Featured Abstract: March 12

Check in frequently this week to view featured abstracts, leading up to the symposium! We welcome your comments.

Featured Abstract: “Text, Intertext, and Context: Modeling a Map of Medieval Scholarly Practices”

Malte Rehbein, University of Würzburg

Medieval scholarly practices can be fully understood “erst im Zusammenspiel verschiedener methodischer Zugänge und nur unter Berücksichtigung der Gesamtüberlieferung” (only by interplay between various methodological approaches and with consideration of the whole written tradition) as Claudine Moulin has pointed out, analyzing early medieval vernacular glosses [1, p. 76]. It hence requires a holistic approach that takes into account not only texts but also intertextual relations and contextual information: historical, paleographic, codicological, bibliographical, and appreciation of processes of textual production and usage. Representing such comprehensive information is challenging as it requires the interplay of different data models. This presentation discusses this challenge along the case-study of the 8th century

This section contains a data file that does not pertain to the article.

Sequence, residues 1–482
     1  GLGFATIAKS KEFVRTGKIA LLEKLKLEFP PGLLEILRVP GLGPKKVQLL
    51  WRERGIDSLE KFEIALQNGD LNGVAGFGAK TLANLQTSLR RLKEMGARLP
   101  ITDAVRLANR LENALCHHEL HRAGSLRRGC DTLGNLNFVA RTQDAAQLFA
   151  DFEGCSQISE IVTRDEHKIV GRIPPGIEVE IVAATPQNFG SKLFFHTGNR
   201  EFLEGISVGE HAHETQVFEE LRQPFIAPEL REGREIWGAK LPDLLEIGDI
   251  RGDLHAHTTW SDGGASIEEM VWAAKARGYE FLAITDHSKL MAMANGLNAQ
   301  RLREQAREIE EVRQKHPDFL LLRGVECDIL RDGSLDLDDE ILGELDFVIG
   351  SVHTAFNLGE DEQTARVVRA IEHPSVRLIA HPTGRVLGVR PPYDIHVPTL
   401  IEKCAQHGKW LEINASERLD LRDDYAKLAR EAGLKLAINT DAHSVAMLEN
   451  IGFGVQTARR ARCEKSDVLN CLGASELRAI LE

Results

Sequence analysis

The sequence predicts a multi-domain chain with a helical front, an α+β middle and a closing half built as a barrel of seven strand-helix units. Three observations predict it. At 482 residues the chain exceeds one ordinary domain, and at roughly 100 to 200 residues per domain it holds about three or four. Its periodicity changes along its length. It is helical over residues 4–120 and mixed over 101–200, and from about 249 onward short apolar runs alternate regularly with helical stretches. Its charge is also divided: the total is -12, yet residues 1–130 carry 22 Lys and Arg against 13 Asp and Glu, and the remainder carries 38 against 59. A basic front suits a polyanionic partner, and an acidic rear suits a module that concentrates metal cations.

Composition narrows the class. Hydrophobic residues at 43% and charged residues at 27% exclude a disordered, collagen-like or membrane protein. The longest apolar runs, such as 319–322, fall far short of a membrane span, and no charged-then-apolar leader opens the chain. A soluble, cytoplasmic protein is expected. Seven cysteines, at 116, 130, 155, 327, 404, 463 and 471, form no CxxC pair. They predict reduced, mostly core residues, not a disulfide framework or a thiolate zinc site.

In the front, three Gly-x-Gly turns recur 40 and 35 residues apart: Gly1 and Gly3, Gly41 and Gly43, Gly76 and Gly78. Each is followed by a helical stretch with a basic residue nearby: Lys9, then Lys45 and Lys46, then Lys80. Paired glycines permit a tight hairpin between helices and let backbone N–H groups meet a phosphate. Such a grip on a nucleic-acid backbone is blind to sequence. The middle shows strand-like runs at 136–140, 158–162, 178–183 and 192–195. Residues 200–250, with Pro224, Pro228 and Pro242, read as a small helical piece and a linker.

“Würzburg Saint Matthew”[2]: a gospel text with glosses and commentaries compiled from more than forty different sources making it an intriguing, though complicated object of study[3].  The presentation further outlines considerations on the development of models for presenting this information within a research environment and concludes with an outlook toward a comprehensive visual map of medieval scholarly practices.

[1] Moulin, Claudine (2009): Paratextuelle Netzwerke: Kulturwissenschaftliche Erschließung und soziale Dimensionen der althochdeutschen Glossenüberlieferung. In: Gerhard Krieger (Hg.): Verwandtschaft, Freundschaft, Bruderschaft. Soziale Lebens- und Kommunikationsformen im Mittelalter, 56–77.
[2] Rehbein, Malte (2011). “A Data Model for Visualising Textuality — The Würzburg Saint Matthew”. Digital Humanities 2011: Conference Abstracts. Ed. The Alliance of Digital Humanities Organizations. Stanford: Stanford University Library. 204–205.
[3] Cahill, Michael (2002): The Würzburg Matthew: Status Quaestionis. In: Peritia 16, S. 1–25.

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